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Posted by on Dec 21, 2013 in Skepticism and Science | 2 comments

Politicians don’t know what they’re doing

A few days ago, my fellow SINner Jacques Rousseau posted about policy-making and science, arguing we shouldn’t be so harsh on politicians – they might be doing their best, you know?

I beg to disagree. Putting aside the fact that I think comparing politicians to scientists is demeaning to the latter, there’s an obvious, large difference between the two groups of people: scientists are really trying to get us to a better place (whether they’re interested in that or not), while you never know with politicians (and, IMHO, they almost never are).

But there’s another difference, more subtle, but pretty much important: Politicians don’t know what they’re doing. Yeah, that’s right. We already have evidence-based science, and science-based medicine, but politics and policy-making are just not.

The greatest revolution in medicine in the second half of the twentieth century was the generalization of clinical trials. There is record of such experiments since 1747, when aboard the Salisbury Dr. James Lind tested four treatments for scurvy, but it was not until the sixties that became routine. Today, random controlled trials are the standard for evaluating drugs and treatments, measure their effectiveness and observe their effects.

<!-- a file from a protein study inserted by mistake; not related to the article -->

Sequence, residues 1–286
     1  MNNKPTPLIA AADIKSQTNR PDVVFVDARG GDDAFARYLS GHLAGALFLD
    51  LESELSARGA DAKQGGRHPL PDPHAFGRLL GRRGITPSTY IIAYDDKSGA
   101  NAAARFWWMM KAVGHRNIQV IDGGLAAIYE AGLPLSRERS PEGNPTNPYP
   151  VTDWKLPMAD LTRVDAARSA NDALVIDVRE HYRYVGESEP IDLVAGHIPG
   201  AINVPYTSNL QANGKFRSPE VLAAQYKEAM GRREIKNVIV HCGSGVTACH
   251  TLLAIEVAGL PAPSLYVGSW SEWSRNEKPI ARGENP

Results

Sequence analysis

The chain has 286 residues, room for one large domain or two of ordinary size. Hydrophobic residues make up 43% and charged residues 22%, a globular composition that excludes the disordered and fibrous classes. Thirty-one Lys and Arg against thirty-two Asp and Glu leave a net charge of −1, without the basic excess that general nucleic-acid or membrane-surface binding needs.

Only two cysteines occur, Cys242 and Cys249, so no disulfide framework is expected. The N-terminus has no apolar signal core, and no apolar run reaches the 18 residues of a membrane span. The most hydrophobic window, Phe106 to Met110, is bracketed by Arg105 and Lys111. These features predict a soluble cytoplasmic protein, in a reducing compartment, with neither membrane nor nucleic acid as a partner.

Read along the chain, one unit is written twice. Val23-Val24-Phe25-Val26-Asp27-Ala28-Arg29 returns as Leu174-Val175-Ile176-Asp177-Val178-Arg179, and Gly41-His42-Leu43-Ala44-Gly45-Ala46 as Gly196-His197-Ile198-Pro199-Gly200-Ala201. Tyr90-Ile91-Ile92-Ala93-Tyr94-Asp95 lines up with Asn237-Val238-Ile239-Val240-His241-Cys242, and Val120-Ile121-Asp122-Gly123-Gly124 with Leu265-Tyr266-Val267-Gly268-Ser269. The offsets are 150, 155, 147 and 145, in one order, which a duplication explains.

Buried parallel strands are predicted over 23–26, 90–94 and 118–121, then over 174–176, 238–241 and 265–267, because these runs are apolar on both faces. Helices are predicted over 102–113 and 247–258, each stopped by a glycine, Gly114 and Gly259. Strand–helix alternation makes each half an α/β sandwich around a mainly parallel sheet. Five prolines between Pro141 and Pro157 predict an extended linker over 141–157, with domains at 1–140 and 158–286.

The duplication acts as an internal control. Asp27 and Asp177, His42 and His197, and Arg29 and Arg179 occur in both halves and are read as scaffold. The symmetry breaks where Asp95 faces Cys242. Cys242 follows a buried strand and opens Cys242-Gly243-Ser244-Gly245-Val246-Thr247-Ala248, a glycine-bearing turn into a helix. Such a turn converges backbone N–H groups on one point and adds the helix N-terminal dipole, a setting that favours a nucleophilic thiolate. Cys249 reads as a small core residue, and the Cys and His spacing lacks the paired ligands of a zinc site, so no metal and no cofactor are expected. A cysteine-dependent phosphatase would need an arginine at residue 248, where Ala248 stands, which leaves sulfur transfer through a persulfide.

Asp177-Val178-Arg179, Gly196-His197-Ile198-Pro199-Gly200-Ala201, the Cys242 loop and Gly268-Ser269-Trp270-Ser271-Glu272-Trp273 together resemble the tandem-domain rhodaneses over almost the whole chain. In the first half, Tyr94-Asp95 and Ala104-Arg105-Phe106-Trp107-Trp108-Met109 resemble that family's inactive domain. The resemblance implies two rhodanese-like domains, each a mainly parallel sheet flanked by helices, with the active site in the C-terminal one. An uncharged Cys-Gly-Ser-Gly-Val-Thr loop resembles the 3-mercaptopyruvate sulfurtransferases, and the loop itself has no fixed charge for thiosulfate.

In the meantime the actual tests on the ground and not a laboratory, are somewhat rare in the field of public policy. Social programs are implemented without testing and we change the function of schools without pilot tests. Why not try these actions on a small-scale before they are universal? Is it not reasonable to empirically evaluate two alternatives instead of discussing their (alleged) virtues?

Randomized controlled trials in Medicine and Policy-Making

So almost all the decision-making that has an impact on our lives, health, wealth, well-being and expectations just so happens to be the result of wishful thinking.

We need -and deserve- science-based policies and we should demand them from our elected officials. They ought be held accountable for their their actions and omissions – saying things are hard to get done is giving them free passes – well, if it was so difficult (or economically unfeasible), why on earth did you go on a campaign, raised funds and had yourself elected, in the first place?

  • http://www.synapses.co.za/ Jacques Rousseau

    Is this a deliberate exercise in false dichotomies? Politicians know what they are doing to lesser or greater degrees, as do scientists. The two pieces argued for nuanced interpretation/analysis of some of the things they do, where sometimes we might not be understanding the context in which they work. That in no way means a “free pass”. You’re disagreeing with a complete straw person.

    • http://de-avanzada.blogspot.com/ Ðavid A. Osorio S

      Maybe I didn’t read them that way. I’m sorry if I misrepresented your views.